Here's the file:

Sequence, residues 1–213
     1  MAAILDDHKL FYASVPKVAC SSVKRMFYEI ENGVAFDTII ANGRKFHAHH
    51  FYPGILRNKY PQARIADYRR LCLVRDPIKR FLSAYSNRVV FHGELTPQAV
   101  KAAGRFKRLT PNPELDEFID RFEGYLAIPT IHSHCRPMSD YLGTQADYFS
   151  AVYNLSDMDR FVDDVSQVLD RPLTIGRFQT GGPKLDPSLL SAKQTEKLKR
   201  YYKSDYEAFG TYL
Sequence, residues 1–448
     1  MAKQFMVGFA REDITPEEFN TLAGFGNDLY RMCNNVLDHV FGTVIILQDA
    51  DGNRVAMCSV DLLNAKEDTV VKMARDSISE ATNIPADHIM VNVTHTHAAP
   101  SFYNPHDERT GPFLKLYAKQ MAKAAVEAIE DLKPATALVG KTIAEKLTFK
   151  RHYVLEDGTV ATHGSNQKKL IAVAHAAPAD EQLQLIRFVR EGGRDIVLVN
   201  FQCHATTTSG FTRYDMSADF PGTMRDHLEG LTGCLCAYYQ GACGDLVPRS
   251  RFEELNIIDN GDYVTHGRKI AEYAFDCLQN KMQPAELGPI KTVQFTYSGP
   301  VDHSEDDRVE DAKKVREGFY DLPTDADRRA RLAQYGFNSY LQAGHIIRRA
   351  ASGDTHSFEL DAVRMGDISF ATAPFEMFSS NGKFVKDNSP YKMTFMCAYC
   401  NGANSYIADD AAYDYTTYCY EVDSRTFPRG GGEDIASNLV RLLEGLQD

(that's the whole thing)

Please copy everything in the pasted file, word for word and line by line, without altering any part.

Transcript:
Sequence, residues 1–213
     1  MAAILDDHKL FYASVPKVAC SSVKRMFYEI ENGVAFDTII ANGRKFHAHH
    51  FYPGILRNKY PQARIADYRR LCLVRDPIKR FLSAYSNRVV FHGELTPQAV
   101  KAAGRFKRLT PNPELDEFID RFEGYLAIPT IHSHCRPMSD YLGTQADYFS
   151  AVYNLSDMDR FVDDVSQVLD RPLTIGRFQT GGPKLDPSLL SAKQTEKLKR
   201  YYKSDYEAFG TYL
Sequence, residues 1–448
     1  MAKQFMVGFA REDITPEEFN TLAGFGNDLY RMCNNVLDHV FGTVIILQDA
    51  DGNRVAMCSV DLLNAKEDTV VKMARDSISE ATNIPADHIM VNVTHTHAAP
   101  SFYNPHDERT GPFLKLYAKQ MAKAAVEAIE DLKPATALVG KTIAEKLTFK
   151  RHYVLEDGTV ATHGSNQKKL IAVAHAAPAD EQLQLIRFVR EGGRDIVLVN
   201  FQCHATTTSG FTRYDMSADF PGTMRDHLEG LTGCLCAYYQ GACGDLVPRS
   251  RFEELNIIDN GDYVTHGRKI AEYAFDCLQN KMQPAELGPI KTVQFTYSGP
   301  VDHSEDDRVE DAKKVREGFY DLPTDADRRA RLAQYGFNSY LQAGHIIRRA
   351  ASGDTHSFEL DAVRMGDISF ATAPFEMFSS NGKFVKDNSP YKMTFMCAYC
   401  NGANSYIADD AAYDYTTYCY EVDSRTFPRG GGEDIASNLV RLLEGLQD